Technologies such as [egg freezing] may allow women to have an opportunity to have biologic children later in life. While this technology may appear to be an attractive strategy for this purpose, there are no data on the efficacy of [egg freezing] in this population and for this indication. Data on the safety, efficacy, cost-effectiveness, and emotional risks of elective oocyte cryopreservation are insufficient to recommend elective oocyte cryopreservation. Marketing this technology for the purpose of deferring childbearing may give women false hope and encourage women to delay childbearing.

With that said… neither the ARSM, ACOG, nor any other medical organization has come out fully against egg freezing to delay childbearing.

Case in point, plenty of ASRM members act directly against these recommendations and do market egg freezing to delay childbearing. They haven’t lost their ASRM membership for this.

So, it’s not forbidden… just not recommended.

Given this, in my opinion, corporations should have no qualms with offering egg freezing as part of their benefits packages.

Corporations and insurance companies should not be expected to make medical or even ethical decisions.

Just like I don’t believe a corporation, government, or insurance company has a right to make decisions for me on what birth control I should use, or what birth control meets their “ethical” standards, I should be able to make decisions regarding my fertility.

That includes the decision to freeze my eggs, if I so wish.

There’s another potential benefit to egg freezing being offered by some insurance plans, and that’s increased competition.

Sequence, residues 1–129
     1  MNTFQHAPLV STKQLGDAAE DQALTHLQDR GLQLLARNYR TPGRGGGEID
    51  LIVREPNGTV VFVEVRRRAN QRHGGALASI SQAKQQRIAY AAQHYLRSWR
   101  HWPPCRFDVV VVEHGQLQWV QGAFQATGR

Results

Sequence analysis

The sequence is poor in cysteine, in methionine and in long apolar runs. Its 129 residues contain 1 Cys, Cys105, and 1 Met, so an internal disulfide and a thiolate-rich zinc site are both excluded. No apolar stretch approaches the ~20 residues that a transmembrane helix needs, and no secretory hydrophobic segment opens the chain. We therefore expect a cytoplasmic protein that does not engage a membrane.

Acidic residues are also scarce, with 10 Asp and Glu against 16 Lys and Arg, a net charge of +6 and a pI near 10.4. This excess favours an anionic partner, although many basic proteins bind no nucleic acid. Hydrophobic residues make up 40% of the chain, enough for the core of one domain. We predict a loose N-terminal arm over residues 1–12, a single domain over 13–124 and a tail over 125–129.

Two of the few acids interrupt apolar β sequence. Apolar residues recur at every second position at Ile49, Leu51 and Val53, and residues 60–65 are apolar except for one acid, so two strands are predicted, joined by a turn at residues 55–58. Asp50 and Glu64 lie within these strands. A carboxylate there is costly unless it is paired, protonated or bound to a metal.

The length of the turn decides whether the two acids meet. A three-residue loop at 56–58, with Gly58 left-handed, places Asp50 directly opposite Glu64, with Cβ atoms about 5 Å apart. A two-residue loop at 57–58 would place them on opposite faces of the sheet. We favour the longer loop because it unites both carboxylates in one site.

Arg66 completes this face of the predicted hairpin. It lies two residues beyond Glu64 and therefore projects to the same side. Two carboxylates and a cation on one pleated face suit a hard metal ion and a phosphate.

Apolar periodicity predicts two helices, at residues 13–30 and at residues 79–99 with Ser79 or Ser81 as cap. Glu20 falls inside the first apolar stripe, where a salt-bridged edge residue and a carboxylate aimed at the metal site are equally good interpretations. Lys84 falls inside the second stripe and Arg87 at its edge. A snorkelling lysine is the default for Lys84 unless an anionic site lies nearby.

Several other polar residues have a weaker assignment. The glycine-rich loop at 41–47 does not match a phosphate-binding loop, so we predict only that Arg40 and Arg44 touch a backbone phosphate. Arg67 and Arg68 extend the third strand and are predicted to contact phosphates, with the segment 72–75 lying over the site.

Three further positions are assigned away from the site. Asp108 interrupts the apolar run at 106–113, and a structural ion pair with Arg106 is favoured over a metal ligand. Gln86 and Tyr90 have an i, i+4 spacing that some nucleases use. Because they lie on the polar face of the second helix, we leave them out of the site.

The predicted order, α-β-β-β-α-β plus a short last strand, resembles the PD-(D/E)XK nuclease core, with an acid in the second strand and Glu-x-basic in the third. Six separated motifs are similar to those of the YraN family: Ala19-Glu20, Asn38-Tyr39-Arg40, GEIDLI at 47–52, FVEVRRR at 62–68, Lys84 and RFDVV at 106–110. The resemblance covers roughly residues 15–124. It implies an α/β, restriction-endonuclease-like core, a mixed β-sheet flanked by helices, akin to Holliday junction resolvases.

By offering egg freezing, these companies have essentially raised the bar on what’s considered good coverage in women’s health plans.

Perhaps it’ll encourage more corporations and insurance plans to offer more fertility coverage.

Wouldn’t it be great if instead of IVF being the fertility treatment companies boast about covering, they would have to brag about covering something more obscure, like egg freezing? What if covering IVF became the norm, and something like egg freezing coverage would be considered something extra special?

Sounds pretty great to me.

What’s Potentially Not So Great…

If you haven’t deduced this by now, one of the major issues with egg freezing coverage is it may move egg freezing from something considered exotic and unusual to something more common and accessible.

Which would be fine, if it were a technology that the majority of medical professionals felt should be more widely available. Except that’s not quite right.

Most fertility specialists don’t think egg freezing should be offered as “insurance” against ticking biological clocks, with the exception of special cases.